Runaway Train

Lac-Mégantic, Quebec was partially levelled by a massive oil explosion from a train that became detached from its locomotive and rolled into the downtown. The locomotive experienced a fire before the detachment from the oil laden cars.

Questions need to arise about the safety of unattended, automated locomotives.

” Everybody who didn’t make it back is dead,” predicted Frédérique Mailloux, a 38-year-old stay-at-home mom, who said six of her friends are missing. “I have cried every tear in my body.”

Mr. Théberge was on the outside patio in front of the café smoking a cigarette when the derailment happened. He heard the train coming and knew right away that something was wrong.

“It was going way too fast,” said Mr. Théberge. “I saw a wall of fire go up. People got up on the outside patio. I grabbed my bike, which was just on the railing of the terrasse. I started pedaling and then I stopped and turned around. I saw that there were all those people inside and I knew right away that it would be impossible for them to get out.

Mr. Théberge said he tried to go around front to help people escape “but there was just fire everywhere.”

“I just pedaled away, but I know a lot of people didn’t make it out. There were maybe 60 people inside. “This is a first. Smoking saved my life,” he said with a voice raspy from the heat and smoke. His right arm was bandaged for the second-degree burns.

At a tent at the corner of Frontenac and Lemieux streets in the afternoon, paramedics sat idly in the torrid heat with no one to help. Residents gathered to await news of survivors, which never came.

ADDED: An unattended train.

6 responses to “Runaway Train

  1. If you go to the Transportation Safety Board of Canada’s website, it indicates there are no job opportunities at this time, they have a staff of 220, and this is the agency charged with investigating air, marine and rail disasters such as the recent rail disaster in Lac Megantic.

    And what exactly is the purpose of Harper’s onsite tour of the disaster zone accompanied by an RCMP security detachment other than to gawk and pose for photos. He is not a qualified investigator and his presence will only impede the work of those who are. It would make as much sense to have Harper tour the crime scene of an ongoing homicide investigation, inasmuch as he is a declared adversary of all criminals other than those he appoints to office.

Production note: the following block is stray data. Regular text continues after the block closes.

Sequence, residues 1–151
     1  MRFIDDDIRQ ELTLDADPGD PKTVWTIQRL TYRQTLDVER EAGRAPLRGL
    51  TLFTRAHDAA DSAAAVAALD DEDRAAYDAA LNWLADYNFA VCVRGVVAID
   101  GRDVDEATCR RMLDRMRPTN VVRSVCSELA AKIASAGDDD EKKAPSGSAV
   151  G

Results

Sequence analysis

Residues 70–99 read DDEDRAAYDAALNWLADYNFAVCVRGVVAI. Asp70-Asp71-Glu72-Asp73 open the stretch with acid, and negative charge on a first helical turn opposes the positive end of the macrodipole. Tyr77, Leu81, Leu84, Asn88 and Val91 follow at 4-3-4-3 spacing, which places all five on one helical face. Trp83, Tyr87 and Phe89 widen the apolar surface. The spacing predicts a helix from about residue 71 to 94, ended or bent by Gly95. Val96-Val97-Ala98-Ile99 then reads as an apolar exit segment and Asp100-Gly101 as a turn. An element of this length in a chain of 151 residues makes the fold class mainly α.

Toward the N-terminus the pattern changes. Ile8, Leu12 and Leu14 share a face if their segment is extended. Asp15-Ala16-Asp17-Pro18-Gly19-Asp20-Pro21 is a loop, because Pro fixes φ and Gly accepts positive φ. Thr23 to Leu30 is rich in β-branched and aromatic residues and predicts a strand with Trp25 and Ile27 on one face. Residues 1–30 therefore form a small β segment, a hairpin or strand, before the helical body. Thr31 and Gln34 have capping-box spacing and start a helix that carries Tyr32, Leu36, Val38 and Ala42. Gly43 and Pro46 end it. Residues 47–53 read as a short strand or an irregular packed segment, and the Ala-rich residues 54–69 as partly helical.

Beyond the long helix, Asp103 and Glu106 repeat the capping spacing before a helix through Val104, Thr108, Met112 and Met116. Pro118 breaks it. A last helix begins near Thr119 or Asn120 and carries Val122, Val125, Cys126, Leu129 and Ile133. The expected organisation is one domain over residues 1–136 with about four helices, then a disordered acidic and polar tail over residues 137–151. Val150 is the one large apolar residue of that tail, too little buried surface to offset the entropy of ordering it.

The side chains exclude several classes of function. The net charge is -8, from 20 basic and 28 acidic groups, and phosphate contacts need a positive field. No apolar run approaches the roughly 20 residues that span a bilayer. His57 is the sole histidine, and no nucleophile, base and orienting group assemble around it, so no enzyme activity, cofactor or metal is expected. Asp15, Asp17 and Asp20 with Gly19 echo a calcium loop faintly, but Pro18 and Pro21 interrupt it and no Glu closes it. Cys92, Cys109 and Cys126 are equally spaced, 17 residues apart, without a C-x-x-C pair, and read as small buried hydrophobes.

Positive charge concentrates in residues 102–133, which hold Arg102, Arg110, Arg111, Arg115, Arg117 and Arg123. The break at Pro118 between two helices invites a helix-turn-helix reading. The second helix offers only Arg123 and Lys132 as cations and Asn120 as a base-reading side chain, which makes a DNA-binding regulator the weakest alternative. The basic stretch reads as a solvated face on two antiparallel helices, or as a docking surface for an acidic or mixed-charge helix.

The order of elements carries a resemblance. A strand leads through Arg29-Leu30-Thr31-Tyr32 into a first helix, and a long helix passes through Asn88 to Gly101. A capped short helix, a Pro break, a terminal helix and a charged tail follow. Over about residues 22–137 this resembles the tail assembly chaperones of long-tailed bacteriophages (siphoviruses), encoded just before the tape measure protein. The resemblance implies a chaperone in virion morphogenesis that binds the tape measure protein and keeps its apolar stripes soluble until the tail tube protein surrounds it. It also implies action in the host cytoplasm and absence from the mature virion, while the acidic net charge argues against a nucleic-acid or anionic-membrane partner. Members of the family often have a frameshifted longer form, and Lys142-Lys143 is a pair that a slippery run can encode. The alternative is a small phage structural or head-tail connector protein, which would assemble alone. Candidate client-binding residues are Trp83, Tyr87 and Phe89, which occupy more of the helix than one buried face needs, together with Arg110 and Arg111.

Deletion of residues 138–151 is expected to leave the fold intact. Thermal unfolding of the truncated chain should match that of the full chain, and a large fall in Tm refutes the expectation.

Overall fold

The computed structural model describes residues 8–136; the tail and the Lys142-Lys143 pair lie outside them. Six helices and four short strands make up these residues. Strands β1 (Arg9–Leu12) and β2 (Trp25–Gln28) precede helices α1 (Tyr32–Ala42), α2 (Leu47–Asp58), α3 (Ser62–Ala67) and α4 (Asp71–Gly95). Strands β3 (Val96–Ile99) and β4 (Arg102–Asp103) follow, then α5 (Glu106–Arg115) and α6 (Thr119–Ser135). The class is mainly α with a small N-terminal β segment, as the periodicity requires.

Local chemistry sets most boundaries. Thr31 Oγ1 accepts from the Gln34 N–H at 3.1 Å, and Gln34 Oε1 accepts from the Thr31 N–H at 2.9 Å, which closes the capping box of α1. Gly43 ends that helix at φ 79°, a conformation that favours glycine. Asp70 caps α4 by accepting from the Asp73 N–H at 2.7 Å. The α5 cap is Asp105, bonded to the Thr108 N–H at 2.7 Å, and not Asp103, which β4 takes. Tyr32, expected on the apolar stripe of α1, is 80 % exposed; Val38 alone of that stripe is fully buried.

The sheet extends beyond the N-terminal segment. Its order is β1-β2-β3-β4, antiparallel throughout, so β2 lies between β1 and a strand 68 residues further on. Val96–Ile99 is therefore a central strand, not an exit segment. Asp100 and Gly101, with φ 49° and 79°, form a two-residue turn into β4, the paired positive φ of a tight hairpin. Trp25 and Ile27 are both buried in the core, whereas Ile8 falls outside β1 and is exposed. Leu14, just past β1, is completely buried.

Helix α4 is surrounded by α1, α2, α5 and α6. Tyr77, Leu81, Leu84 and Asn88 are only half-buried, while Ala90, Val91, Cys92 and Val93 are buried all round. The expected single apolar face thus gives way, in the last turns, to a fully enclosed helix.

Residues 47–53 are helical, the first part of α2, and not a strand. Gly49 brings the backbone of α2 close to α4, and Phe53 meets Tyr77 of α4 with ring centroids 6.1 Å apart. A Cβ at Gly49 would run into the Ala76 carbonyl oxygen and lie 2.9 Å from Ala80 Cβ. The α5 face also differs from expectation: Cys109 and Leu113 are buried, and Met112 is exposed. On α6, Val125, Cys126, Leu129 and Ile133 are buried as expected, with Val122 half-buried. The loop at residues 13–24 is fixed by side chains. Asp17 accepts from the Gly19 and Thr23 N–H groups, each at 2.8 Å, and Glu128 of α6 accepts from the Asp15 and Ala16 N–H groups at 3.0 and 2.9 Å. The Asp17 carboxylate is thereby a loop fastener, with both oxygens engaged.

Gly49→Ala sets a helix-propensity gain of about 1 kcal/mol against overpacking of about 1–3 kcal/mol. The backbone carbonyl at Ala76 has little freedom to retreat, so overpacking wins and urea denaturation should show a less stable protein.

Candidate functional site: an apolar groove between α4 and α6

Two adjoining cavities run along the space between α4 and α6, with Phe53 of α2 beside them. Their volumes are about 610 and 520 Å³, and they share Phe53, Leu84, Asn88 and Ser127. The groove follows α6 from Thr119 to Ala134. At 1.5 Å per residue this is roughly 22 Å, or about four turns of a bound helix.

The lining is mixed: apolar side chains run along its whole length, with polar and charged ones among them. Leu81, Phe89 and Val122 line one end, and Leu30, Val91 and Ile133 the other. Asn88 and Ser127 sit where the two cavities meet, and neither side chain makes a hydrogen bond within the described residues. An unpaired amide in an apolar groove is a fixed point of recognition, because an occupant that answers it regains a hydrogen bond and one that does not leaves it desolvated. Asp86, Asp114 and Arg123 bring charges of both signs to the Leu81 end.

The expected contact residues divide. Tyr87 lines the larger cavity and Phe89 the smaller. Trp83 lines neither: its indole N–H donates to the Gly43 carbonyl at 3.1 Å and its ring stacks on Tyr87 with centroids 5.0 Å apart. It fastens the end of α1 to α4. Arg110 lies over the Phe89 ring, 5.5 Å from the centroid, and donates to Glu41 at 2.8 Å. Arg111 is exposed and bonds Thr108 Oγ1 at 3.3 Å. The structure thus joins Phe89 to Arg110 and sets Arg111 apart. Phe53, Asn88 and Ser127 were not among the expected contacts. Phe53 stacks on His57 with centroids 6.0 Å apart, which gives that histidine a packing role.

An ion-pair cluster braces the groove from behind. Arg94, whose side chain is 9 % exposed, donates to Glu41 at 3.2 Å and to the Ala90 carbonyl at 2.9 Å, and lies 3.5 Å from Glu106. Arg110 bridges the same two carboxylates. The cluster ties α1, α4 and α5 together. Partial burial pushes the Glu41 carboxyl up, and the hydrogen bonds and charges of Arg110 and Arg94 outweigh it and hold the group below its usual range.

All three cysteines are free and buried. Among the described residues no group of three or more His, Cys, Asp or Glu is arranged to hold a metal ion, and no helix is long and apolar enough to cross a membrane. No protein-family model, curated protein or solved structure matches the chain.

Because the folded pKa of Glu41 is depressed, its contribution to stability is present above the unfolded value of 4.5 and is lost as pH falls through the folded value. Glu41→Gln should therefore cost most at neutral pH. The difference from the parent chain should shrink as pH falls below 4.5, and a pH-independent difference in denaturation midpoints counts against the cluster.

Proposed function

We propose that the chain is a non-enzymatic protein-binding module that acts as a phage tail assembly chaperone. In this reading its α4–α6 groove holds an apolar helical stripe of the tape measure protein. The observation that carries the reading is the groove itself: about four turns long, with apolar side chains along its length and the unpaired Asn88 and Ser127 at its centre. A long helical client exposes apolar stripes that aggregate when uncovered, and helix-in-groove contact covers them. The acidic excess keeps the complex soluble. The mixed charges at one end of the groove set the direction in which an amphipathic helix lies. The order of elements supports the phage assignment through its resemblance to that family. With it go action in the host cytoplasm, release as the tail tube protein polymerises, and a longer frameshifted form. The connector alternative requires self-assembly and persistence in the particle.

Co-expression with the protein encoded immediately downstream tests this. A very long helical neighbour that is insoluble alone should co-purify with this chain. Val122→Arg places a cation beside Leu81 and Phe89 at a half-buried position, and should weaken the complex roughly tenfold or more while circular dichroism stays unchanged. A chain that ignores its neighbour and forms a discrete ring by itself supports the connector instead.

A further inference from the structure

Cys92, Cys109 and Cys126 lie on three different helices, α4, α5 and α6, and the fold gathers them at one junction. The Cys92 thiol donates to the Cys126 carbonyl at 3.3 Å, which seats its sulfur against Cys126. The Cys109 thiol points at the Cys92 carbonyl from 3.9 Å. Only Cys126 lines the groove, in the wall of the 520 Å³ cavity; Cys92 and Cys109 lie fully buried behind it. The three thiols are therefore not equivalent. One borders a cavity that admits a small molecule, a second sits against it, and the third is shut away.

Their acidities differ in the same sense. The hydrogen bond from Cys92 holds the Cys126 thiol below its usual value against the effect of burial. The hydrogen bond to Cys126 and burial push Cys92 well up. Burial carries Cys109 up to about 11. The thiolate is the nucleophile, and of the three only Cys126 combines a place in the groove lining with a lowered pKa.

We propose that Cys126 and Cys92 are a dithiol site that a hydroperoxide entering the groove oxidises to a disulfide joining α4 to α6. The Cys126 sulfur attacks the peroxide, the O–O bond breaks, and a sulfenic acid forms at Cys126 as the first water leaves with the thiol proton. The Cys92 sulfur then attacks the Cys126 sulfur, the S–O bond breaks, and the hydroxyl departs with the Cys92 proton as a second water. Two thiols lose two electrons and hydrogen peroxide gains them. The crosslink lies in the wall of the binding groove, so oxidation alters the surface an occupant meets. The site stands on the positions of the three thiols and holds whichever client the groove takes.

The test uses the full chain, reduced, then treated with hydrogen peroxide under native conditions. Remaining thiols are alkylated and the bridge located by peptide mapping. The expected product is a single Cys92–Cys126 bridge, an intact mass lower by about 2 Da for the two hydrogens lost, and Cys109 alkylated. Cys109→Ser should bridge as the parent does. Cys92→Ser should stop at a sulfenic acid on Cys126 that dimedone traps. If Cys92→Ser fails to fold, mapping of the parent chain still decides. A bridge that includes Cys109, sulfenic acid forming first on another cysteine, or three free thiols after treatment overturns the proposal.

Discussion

It is about time we put an end to such foolish posturing, and if government leaders are concerned with public safety, give the agencies entrusted with such responsibility the proper resources and budget to pursue their mandate…

  2. Pingback: Harper’s “Public Event” “photo opportunity” (Cameras and photographers only) #cdnpoli | Saskboy's Abandoned Stuff

  3. That sheds a little more light on why the company’s official spokespersons couldn’t make up their minds on whether to call the guy who supposedly checked the train and put the brakes on, the conductor or the engineer. Some used one term and some used the other and there is a significant difference.

    Which led me to do a bit more research on radio-controlled locomotive systems, or remote controlled engines. It wouldn’t be a stretch to think there was in fact only one employee operating that train. What with the fire that broke out in one of the engines an hour or two before it somehow moved itself, it’s anyone’s guess what happened after that.

    One piece of the puzzle that would be useful is whether or not the operable locomotives were left running as well as unattended?

  4. Pingback: The Harper Government Must Be Right On Track #cdnpoli | Saskboy's Abandoned Stuff

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